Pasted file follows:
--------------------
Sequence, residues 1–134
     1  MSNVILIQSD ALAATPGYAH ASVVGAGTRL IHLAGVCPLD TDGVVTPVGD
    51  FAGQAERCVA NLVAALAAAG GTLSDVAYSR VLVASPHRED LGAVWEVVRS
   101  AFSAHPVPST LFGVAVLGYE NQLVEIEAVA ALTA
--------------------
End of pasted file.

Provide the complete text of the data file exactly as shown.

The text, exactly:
Sequence, residues 1–134
     1  MSNVILIQSD ALAATPGYAH ASVVGAGTRL IHLAGVCPLD TDGVVTPVGD
    51  FAGQAERCVA NLVAALAAAG GTLSDVAYSR VLVASPHRED LGAVWEVVRS
   101  AFSAHPVPST LFGVAVLGYE NQLVEIEAVA ALTA